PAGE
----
Rohman's ShoholaIn Shohola – which is the native word for Place of Peace – you’ll find Rohman’s Bar and Grill. Once called the Shohola Glen Hotel, Rohmans Inn was established in 1849. A favorite destination for New York City dwellers, a round trip ticket cost $5.  In 1886 under the ownership of John F Kilgore, one of the 35 rooms available would let for $8-$10/ day with reduced prices for children. Servant’s accommodations cost $4.50 while a transient could expect to pay $2 for a bed.

clara-bowJohn Kilgore was known as the King of Bluestone having quarried much of the stone that helped build New York City and Philadelphia.  His dream was to create the biggest and best resort along with an amazing amusement park. The railroad stopped running before he could realize his dream but there are faint remnants of the amusement park. Kilgore purchased the gravity railroad train car which was replaced the year before with more powerful engines and used it to take guests to the top of the hill and treat them to an exciting ride – the precursor to the modern day roller coaster. In its heyday, the Shohola Glen Hotel hosted many celebrities of the day. Silent film stars 1886flyerGloria Swanson, John Gilbert, Mary Pickford and Clara Bow all signed the guest register that is still available for viewing. Other movie stars included Jean Harlow and Bette Davis. The most notable guest was Charles Lindburg, the first person to fly solo, nonstop from Roosevelt field on Long Island to Paris France. Rohmans was rebuilt in 1885 and once again in 1941 after a fire. It was at this time that the second floor four lane bowling alley was added. It is one of the few bowling alleys in existence that still requires manual pin setting. The great Shohola train wreck of the Civil War

pcshoholapa2By the summer of 1864, while union troops were advancing deeply into Georgia, northern prisons were overflowing with confederate prisoners   The Erie railroad was enlisted to help move prisoners from point lookout Maryland to Elmira, New York. On July 15 1864, locomotive engine 171 pulling 17 passenger and freight cars carrying 833 confederate soldiers and 128 union guards moved along at 20 miles per hour. Engine 11 was classified as “an extra” indicating it ran behind a scheduled train; a common way to move additional cars with minimum paperwork.  The scheduled train, West 23, displayed warning flags to indicate another train was following. However engine 171 was delayed leaving Jersey City while locating several missing prisoners and again while waiting for a drawbridge, it arrived at Port Jervis 4 hours behind West 23.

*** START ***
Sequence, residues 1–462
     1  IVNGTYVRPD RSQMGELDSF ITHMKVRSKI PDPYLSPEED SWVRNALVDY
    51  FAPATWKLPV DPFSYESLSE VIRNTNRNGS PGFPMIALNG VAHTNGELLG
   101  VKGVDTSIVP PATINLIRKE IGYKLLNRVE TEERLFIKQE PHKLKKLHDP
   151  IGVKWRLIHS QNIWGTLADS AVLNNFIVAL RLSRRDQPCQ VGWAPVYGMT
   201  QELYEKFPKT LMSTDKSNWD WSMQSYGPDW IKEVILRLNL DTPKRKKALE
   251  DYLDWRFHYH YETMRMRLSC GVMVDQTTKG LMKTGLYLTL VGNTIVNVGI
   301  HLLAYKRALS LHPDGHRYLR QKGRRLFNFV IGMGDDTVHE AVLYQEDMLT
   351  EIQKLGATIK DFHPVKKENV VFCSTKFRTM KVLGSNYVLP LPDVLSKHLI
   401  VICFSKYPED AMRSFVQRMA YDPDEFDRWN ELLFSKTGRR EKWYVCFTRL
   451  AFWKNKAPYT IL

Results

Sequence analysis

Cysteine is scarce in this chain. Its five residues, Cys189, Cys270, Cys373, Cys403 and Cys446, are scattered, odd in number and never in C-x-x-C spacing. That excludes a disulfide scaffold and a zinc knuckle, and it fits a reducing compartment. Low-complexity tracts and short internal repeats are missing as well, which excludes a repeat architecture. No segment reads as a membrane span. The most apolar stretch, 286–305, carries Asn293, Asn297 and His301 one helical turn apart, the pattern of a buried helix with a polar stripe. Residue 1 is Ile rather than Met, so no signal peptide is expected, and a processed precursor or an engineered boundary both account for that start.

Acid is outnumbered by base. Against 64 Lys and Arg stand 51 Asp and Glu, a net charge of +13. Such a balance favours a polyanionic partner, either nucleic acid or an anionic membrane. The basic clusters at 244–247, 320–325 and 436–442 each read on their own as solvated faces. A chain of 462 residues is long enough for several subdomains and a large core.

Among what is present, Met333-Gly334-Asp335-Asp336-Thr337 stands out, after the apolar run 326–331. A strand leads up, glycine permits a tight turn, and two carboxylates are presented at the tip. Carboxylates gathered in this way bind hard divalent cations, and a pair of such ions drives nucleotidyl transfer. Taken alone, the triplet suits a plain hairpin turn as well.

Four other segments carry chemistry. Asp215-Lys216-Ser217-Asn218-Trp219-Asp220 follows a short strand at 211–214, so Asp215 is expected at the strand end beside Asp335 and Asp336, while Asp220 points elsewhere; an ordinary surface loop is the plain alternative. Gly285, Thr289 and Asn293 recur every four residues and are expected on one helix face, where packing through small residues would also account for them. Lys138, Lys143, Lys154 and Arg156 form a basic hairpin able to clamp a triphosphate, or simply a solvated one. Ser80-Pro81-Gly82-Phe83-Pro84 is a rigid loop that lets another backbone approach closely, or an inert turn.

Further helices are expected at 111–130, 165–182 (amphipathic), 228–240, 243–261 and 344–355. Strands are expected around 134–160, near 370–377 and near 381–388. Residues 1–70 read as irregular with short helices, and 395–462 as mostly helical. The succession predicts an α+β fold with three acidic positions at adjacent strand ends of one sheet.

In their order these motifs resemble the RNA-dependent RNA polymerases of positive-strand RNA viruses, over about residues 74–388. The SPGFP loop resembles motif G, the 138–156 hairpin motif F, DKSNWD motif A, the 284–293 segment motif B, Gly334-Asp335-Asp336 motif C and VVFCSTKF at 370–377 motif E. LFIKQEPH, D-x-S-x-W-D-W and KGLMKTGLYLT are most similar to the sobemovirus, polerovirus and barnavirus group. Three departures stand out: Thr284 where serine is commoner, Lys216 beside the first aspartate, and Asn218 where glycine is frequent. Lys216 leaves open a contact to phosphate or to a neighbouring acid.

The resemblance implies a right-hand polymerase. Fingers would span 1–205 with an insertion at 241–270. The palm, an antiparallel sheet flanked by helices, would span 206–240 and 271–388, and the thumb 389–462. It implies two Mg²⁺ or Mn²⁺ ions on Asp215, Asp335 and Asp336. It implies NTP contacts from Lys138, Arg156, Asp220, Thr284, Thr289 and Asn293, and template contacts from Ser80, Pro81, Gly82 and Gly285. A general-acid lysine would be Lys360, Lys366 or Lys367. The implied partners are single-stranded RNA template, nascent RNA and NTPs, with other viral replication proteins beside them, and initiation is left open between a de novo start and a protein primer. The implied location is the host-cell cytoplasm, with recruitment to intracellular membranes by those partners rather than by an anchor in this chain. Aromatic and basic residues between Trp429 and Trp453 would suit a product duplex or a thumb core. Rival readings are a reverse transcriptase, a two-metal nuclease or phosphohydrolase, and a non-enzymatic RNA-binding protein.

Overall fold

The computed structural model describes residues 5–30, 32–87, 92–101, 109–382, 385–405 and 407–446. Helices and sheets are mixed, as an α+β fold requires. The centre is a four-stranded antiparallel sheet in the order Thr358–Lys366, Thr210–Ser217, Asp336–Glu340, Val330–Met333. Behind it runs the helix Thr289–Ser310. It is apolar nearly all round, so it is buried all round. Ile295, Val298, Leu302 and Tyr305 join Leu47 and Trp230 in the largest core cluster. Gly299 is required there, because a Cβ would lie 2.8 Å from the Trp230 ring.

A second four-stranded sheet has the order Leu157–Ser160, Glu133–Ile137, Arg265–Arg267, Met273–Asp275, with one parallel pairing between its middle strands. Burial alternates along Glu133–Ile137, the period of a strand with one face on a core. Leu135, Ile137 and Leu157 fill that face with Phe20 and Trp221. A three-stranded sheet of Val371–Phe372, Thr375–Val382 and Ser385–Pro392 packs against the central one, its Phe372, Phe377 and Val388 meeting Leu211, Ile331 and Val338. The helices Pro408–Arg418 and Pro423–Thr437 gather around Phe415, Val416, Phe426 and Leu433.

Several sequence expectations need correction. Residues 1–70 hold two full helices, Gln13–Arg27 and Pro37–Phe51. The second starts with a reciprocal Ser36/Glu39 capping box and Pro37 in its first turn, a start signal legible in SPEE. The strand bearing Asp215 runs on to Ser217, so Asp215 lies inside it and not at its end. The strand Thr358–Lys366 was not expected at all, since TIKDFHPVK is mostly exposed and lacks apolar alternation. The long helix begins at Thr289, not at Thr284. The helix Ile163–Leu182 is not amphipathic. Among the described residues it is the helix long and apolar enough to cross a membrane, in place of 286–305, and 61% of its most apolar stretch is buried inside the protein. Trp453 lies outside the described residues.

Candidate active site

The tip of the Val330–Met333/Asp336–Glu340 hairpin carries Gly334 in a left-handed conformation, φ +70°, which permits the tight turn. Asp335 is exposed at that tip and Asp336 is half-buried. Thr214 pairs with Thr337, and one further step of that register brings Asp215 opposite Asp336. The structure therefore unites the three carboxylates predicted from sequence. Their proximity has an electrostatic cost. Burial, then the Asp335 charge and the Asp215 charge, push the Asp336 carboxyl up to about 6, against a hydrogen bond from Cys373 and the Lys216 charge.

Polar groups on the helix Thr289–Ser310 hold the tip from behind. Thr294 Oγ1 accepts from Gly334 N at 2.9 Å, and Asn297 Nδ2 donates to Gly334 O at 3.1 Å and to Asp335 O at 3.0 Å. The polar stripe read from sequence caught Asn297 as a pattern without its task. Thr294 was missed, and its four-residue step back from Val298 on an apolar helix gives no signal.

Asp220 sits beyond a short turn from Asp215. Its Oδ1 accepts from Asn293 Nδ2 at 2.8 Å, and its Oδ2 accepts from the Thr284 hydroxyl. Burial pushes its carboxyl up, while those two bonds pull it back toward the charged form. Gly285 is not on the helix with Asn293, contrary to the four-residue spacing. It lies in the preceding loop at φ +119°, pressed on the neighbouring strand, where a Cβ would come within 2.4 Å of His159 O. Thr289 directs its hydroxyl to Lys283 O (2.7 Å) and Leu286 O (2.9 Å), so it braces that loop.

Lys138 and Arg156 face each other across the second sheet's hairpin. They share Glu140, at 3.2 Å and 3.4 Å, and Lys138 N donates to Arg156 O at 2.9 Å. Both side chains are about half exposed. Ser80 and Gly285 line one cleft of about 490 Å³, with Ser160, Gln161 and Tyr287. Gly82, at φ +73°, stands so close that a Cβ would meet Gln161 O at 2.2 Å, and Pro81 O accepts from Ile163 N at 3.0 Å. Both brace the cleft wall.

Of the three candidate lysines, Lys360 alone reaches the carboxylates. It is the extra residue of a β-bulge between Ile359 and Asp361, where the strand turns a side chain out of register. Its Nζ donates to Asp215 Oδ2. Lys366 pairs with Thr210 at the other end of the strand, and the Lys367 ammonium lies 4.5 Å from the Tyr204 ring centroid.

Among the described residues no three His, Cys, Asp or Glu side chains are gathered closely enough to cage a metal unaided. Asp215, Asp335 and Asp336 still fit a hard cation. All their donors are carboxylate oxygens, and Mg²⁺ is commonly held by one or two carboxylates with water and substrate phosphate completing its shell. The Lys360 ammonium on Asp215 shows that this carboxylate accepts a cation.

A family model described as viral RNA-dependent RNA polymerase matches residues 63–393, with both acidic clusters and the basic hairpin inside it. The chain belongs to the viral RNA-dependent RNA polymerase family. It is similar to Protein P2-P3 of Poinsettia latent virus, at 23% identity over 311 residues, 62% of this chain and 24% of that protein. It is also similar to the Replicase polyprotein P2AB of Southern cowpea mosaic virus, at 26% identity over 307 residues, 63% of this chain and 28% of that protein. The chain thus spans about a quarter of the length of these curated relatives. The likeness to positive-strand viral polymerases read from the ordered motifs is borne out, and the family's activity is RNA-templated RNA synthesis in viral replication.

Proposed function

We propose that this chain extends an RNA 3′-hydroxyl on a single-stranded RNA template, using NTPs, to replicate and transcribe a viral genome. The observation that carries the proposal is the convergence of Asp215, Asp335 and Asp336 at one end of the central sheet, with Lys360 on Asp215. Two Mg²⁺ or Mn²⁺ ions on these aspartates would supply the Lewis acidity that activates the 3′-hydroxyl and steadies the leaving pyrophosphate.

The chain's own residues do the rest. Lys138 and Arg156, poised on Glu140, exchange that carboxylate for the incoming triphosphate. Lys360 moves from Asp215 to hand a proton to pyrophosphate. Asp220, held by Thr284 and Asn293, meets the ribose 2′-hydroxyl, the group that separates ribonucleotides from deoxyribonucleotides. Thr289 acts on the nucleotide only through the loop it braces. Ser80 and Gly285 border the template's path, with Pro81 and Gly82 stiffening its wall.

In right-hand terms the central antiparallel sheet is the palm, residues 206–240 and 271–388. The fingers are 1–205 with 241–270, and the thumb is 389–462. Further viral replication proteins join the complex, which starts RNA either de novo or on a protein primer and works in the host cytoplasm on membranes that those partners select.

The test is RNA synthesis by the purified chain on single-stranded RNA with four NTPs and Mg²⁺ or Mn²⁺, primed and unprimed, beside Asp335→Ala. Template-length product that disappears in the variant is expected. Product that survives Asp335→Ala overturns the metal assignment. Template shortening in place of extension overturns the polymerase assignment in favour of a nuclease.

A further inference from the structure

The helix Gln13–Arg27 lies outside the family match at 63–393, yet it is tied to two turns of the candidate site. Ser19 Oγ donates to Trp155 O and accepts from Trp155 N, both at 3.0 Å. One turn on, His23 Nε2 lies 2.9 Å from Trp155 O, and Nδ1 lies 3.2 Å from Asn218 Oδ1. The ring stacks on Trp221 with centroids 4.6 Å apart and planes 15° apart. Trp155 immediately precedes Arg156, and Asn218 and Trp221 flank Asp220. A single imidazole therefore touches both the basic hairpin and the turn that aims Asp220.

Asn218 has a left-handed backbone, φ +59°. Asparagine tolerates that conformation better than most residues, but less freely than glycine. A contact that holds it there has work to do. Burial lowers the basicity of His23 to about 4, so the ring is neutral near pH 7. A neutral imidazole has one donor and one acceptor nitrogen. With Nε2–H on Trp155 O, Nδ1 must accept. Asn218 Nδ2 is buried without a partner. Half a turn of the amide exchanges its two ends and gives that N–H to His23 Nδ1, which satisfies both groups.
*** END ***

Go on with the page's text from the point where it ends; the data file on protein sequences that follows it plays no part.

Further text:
Meanwhile a coal train heading toward Lackawaxen for the spur connection to Honesdale requested permission to proceed. The station telegraph operator, Douglas “Duff” Kent seeing that West 23 had passed, cleared the coal freight to continue and their fate was sealed. Around 2:45 the trains collided at King and Fillers Cut. Many of the wounded were taken to Rohmans for medical attention. There were so many mangled bodies that the confederate dead were buried alongside the wreck in a communal grave. The union soldiers were given individual coffins. The final tally was 787 confederate soldiers delivered to Elmira. On June 11, 1911 the confederate dead were disinterred and brought to Elmira’s Woodlawn Cemetery in another common grave. Their names inscribed on two bronze plaques affixed to a single stone monument. Names of union dead face north while the confederates face south.

A complete satisfactory account of those killed is inconclusive. Estimates range from 60-72 not including the two Johnson’s from North Carolina who died from injuries and are buried in the churchyard at Barryville. There are 5 unaccounted prisoners who are said to have escaped.  Legend has it that there were many local residents opposed or just tired of the war and that they helped to keep the prisoners hid from authorities. They are reported to have integrated themselves to the community easily since the war ended shortly thereafter.